- Department for Communities and Local Government and The Rt Hon Sir Eric Pickles
- Part of:
- Local Enterprise Partnerships (LEPs) and Enterprise Zones
- 4 March 2011
This was published under the 2010 to 2015 Conservative and Liberal Democrat coalition government
Resilient small seaside resorts can seize the opportunity presented by local enterprise partnerships to transform economic growth along our …
Resilient small seaside resorts can seize the opportunity presented by local enterprise partnerships to transform economic growth along our coast, Local Government Secretary Eric Pickles said today.
A new report by Sheffield Hallam University on small seaside towns, paints a compelling picture of economic and social challenges, enterprise and resilience over the last decade.
Classic seaside towns - mainly in the South West and East Coast - missed out on the economic growth of the past decade that centred on London and the South East, the report finds. But despite this smaller resorts have often done better than their larger counterparts - for example experiencing a smaller rise in unemployment during the recession.
The report finds smaller seaside towns are more reliant on the seaside tourist trade despite lacking the “more diverse economic base that in many larger seaside towns dilutes the local dependence on tourism and retirement”. Research last year found UK seaside tourism has remained healthy and overall employment in tourism in seaside towns is increasing as more people holiday in the UK.
The Government sees business as the driver of economic growth and innovation. Ministers are committed to urgent action to boost enterprise, rebalancing local economies so that new businesses and economic opportunities spread across the country.
Local enterprise partnerships are central to this vision, bringing together local business and civic leaders who will operate within a geography that reflects natural economic areas to drive private sector growth and job creation.
Mr Pickles believe today’s report underlines the need for a new approach to coastal resorts, which have growth potential that needs to be harnessed locally. Local enterprise partnerships are putting local councils and local businesses back in charge of economic growth so they can transform places from the ground up.
Over three quarters of these resorts are now covered by local enterprise partnerships. All areas are expected to be covered over the next few months.
Eric Pickles said:
Seaside towns play a vital part in the country’s £115 billion a year tourism industry.
Today’s report paints a picture of resilience and enterprise in rural seaside towns, despite missing out on the London centric growth and prosperity of the past decade.
Small coastal resorts have shown they can build stronger, more diverse economies when given the chance. The new network of local enterprise partnerships will give local communities and local businesses the chance to transform economic growth along our coast and our localist business support will also help them thrive all year round.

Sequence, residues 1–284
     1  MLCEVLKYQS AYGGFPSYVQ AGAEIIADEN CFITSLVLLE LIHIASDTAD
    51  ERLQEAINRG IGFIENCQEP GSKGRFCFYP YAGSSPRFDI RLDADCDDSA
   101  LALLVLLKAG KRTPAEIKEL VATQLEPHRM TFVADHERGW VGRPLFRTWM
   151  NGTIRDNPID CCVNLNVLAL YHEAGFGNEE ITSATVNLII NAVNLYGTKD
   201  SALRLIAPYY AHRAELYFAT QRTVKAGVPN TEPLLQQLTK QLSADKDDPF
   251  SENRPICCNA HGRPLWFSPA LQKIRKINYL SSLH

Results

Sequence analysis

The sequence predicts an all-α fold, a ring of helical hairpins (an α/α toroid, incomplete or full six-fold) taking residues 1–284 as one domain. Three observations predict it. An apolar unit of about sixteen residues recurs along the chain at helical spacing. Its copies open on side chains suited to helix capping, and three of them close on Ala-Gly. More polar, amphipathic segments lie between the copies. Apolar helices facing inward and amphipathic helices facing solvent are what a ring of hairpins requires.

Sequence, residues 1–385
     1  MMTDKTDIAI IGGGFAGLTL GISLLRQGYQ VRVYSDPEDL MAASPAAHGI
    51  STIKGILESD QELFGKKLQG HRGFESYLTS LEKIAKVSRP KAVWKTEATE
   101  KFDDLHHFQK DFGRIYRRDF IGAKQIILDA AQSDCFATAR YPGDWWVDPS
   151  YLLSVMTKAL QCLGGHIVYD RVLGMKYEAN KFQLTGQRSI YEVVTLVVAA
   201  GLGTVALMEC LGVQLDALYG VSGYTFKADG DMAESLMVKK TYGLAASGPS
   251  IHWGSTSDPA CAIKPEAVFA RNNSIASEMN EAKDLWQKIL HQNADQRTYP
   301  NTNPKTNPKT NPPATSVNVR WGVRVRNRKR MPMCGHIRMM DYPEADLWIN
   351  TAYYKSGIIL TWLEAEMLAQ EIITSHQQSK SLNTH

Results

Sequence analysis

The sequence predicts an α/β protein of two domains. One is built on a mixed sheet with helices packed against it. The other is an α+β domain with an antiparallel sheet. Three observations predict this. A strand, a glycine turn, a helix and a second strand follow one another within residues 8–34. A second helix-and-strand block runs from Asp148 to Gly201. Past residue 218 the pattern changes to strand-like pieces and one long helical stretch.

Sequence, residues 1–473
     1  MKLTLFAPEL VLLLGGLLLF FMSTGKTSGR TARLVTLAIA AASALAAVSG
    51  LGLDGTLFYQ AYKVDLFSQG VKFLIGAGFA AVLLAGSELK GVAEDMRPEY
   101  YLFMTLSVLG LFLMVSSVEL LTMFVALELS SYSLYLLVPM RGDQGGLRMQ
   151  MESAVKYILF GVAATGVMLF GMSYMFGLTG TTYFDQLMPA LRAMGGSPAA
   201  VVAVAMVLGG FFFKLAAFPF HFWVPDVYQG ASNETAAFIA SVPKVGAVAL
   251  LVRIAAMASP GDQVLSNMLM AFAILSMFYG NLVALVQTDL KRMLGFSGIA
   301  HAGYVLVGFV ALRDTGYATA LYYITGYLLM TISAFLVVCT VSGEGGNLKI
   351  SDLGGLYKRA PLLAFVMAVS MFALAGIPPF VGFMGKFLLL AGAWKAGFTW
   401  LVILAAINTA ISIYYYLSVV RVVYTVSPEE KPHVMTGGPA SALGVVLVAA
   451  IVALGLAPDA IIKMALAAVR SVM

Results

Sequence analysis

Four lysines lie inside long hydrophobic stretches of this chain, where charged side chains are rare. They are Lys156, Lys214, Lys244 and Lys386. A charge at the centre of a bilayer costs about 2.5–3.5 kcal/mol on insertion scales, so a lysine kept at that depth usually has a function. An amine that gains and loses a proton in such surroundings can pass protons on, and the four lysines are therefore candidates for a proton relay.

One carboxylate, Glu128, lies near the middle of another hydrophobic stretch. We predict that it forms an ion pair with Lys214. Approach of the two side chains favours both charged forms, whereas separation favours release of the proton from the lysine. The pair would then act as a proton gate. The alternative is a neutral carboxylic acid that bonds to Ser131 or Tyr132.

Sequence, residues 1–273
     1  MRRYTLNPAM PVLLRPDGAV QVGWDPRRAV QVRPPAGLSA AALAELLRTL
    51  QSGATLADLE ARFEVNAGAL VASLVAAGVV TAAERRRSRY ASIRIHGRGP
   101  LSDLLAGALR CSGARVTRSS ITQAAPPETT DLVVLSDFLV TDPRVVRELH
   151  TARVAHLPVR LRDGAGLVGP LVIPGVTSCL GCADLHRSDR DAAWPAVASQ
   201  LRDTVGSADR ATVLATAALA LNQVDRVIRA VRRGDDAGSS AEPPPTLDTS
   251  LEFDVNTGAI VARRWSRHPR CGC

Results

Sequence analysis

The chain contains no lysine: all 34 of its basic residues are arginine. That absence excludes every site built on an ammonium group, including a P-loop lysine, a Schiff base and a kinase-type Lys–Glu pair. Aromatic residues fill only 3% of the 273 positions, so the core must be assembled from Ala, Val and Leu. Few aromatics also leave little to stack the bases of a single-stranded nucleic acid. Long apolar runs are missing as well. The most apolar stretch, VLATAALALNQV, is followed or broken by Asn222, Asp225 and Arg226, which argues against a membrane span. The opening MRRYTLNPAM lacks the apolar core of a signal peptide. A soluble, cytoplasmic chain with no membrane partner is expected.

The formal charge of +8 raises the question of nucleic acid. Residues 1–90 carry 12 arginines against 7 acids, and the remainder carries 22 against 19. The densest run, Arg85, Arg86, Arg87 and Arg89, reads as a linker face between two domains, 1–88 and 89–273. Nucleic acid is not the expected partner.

Notes to editors
- The report by Sheffield Hallam University looked into 37 of the country’s smaller seaside towns with populations lower than 10,000. It is available here www.communities.gov.uk/publications/regeneration/smallerseasidetownbenchmarking.
Key findings include:
Smaller seaside towns to be more reliant on the seaside tourist trade. Low wages, seasonal unemployment, retirement destinations and a proliferation of small businesses are more common than larger seaside towns.
In some areas smaller seaside towns have done well relative to England on key indicator including employment growth (pre-recession), claimant count (to January 2010), household overcrowding, health deprivation and crime.
Over 40 per cent of the jobs in the towns are in distribution, hotels and restaurants - the main sector where tourist-related jobs are concentrated. This compares to an England average of 23 per cent.
The data suggests that Aldeburgh, Arnside, Budleigh Salterton, Grange over Sands, Lynton/ Lynmouth, Portreath, Salcombe and West Mercia have strongest local economies among smaller seaside towns.
Those facing toughest economic problems, are: Chapel St Leonards; Cromer; Dymchurch/St Mary’s Bay; Filey; Hunstanton; Mablethorpe; Sutton on Sea; Watchet; and Withernsea. Seven of the nine towns are on the East Coast.
The Government is committed to growing the domestic tourism market including seaside resorts. The Prime Minister announced progress on a £100m international marketing initiative, jointly funded by VisitBritain and private sector partners, in January. The Government’s forthcoming tourism strategy will set out ways tourism can support the wider enterprise and employment agenda. The seaside industry in England and Wales directly supports some 210,000 jobs.
Coastal businesses that are eligible for small business rate relief, will benefit from the Government’s doubling of the normal business rate discount, worth £390m, for a year from October that will benefit over half a million businesses. Backdated business rates bills of £175m have also been waived, giving a lifeline to many struggling firms in port towns.
Seaside towns will also benefit from the Government giving councils the power to set local discounts on business rates, provided that they are funded locally. Ministers have also set out radical new proposals to let councils keep the business rates they collect locally giving them genuine incentives to promote local economic growth.
Local groups will also be able to take advantage of the Government’s plan to introduce new powers to help local communities save local facilities (like piers and community centres) and services threatened with closure. The Localism Bill, currently going through Parliament, will allow local people to take them over and run them as community businesses.
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Published: 4 March 2011